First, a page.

An alternative to the Médran gondola at busy times is to take a shuttle bus to Carrefour, a roundabout and restaurant of the same name near the top of the Le Rouge drag lift, which access the fast Mayentzet six-seater chairlift to Médran’s mid-mountain hub of Ruinettes.
The Savoleyres sector of slopes is a 10-minute bus ride from central Verbier, and this is followed by a 12-minute ride on a slow gondola. However, the reward is an extensive network of blue and red pistes shared between a sunny bowl above Verbier and the forested slopes behind, which lead down to the smaller resort of La Tzoumaz. The Savoleyres runs are quieter than those directly above Verbier, and the north-facing tree runs down to La Tzoumaz are the best place to go on low-visibility days. The Audiquattro Funslope, a cross between a terrain park and snow-cross course, is a fun run for all levels with a tunnel, banked turns, gates and small jumps.
The more confident should certainly explore the further reaches of the 4 Vallées ski area, allowing a day for Thyon and Veysonnaz, and another for Nendaz. The routes to get there do include ungroomed itinerary runs, but non-experts can always ride a cable car or gondola down instead.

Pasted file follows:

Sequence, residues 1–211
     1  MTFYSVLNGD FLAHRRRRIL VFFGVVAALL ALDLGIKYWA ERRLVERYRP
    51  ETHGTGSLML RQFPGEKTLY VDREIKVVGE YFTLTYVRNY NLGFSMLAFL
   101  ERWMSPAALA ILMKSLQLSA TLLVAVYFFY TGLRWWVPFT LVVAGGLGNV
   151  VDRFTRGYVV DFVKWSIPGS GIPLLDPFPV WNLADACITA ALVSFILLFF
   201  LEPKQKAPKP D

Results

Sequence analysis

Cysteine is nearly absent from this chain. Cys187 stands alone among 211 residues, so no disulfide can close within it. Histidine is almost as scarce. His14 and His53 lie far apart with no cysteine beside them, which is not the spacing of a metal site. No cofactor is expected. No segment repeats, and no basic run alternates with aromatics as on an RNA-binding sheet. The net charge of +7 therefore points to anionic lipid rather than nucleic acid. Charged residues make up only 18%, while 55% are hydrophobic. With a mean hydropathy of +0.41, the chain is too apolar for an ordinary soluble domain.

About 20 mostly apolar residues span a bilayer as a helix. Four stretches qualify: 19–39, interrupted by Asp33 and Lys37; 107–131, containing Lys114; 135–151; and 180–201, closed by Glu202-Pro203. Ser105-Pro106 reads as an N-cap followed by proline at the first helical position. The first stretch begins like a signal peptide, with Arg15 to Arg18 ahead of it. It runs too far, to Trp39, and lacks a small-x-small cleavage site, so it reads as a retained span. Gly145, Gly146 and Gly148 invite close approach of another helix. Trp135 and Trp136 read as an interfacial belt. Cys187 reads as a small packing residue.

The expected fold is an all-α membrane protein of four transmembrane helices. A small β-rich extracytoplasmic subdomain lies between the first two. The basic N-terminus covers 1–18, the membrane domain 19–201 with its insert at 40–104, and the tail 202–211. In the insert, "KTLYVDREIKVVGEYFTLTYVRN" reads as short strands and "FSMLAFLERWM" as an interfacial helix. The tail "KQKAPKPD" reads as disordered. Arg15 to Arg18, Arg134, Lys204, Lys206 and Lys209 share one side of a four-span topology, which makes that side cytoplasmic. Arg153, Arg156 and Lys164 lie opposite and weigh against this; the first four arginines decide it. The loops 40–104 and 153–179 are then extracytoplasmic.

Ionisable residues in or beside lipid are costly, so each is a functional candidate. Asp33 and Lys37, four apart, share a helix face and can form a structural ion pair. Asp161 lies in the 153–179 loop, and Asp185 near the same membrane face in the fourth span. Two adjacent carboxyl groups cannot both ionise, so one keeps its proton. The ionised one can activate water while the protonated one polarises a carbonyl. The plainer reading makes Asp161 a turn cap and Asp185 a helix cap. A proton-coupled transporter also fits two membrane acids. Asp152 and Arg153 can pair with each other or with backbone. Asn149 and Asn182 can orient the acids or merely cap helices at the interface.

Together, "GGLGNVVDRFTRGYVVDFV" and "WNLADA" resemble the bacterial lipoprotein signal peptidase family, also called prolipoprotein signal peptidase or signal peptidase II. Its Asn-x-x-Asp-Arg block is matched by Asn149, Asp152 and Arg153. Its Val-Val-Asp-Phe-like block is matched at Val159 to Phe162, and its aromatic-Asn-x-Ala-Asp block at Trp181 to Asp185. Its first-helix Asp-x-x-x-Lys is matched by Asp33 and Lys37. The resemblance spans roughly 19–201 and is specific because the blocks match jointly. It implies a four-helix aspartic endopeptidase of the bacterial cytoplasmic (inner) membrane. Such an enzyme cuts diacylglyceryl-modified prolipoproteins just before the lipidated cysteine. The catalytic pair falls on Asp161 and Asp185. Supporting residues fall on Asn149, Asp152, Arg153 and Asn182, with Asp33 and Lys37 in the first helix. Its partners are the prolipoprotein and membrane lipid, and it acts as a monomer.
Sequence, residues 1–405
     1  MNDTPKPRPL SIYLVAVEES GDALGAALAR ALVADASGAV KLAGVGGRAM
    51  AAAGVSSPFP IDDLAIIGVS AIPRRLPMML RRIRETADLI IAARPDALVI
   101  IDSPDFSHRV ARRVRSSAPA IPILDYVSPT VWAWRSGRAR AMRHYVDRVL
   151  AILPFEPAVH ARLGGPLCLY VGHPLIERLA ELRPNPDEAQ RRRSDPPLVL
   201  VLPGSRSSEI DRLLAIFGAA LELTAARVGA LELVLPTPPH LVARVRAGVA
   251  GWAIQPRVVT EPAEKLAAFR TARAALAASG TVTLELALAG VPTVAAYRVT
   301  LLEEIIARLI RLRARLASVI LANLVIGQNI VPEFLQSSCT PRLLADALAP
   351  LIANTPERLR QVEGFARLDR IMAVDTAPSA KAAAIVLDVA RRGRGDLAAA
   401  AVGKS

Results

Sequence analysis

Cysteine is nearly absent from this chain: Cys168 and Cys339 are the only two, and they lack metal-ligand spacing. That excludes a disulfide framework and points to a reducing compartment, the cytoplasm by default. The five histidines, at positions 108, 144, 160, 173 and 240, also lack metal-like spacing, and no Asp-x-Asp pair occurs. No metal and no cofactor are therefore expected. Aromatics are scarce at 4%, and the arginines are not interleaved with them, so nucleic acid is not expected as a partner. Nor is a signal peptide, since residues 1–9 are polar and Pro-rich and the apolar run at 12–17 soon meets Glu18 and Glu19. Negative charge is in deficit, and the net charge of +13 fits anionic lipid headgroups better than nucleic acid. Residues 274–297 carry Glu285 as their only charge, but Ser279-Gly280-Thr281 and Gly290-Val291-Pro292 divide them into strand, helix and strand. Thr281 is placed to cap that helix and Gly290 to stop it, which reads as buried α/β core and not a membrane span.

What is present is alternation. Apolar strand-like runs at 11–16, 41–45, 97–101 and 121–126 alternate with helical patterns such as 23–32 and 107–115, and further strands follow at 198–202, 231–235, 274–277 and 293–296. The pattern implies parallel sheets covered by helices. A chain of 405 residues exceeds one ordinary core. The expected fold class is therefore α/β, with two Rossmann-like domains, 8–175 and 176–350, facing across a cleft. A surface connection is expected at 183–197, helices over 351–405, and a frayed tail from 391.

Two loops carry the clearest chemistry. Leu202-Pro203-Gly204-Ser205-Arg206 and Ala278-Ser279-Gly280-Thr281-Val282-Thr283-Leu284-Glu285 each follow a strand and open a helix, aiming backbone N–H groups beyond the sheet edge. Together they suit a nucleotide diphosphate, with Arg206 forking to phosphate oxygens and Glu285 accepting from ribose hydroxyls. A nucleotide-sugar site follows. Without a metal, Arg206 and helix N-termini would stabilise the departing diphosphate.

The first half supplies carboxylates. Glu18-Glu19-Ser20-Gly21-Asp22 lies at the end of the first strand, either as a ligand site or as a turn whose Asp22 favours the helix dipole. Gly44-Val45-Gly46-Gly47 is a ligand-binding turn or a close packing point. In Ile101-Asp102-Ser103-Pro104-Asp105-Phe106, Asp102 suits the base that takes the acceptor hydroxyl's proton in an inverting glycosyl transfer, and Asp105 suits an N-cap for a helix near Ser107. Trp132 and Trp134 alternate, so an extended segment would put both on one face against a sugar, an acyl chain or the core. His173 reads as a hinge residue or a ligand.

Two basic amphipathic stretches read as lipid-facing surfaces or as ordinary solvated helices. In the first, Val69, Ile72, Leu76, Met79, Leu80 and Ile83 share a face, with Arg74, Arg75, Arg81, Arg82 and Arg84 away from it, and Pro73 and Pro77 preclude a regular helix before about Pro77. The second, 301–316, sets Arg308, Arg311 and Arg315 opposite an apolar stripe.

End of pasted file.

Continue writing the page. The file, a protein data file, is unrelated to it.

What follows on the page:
For all levels, a half day is well spent exploring Bruson. It’s reached by taking the gondola that descends from Verbier to Le Châble, then riding up another gondola on the other side. Above the Bruson gondola there is just one slow chairlift and two drag lifts, but the small network of scenic, tree-lined runs and a long itinerary run make the area well worth the journey.
Verbier has two options for beginners. Les Moulins is a junior slope near the town centre with a magic carpet lift and a drag lift. It’s home to the kids’ club run by the Swiss Ski School and a crèche, also called Les Moulins. The main beginners’ slope, Les Esserts, just above town, has the same set-up on a bigger scale. A red piste through the forest leads here from the Savoleyres area, but there’s no piste leading to Les Esserts from the main Verbier ski area – the only access is by shuttle bus.
Who should go?
Verbier is an expert’s playground, anyone who can handle Verbier’s itinerary routes, never mind its couloirs, can consider themselves pretty darn good. Off the slopes après celebrations in Verbier are just as wild. It’s snow-sure credentials also make it a safe choice for an early- or late-season trip.
Know before you go . . .
British Embassy/Consulate: 00 31 359 77 00
Ambulance: dial 144
Police: dial 117
Fire: dial 118
Tourist office: See verbier.ch, the website for the Verbier Tourist Board, for weather reports, lift status, webcams, traffic details and local event listings. Pick up maps, leaflets and other information from one of three offices in Verbier, Val de Bagnes and Fionnay.
Telephone code: from abroad, dial 00 41, then leave off the zero at the start of the 10-figure number.
Time difference: +1 hour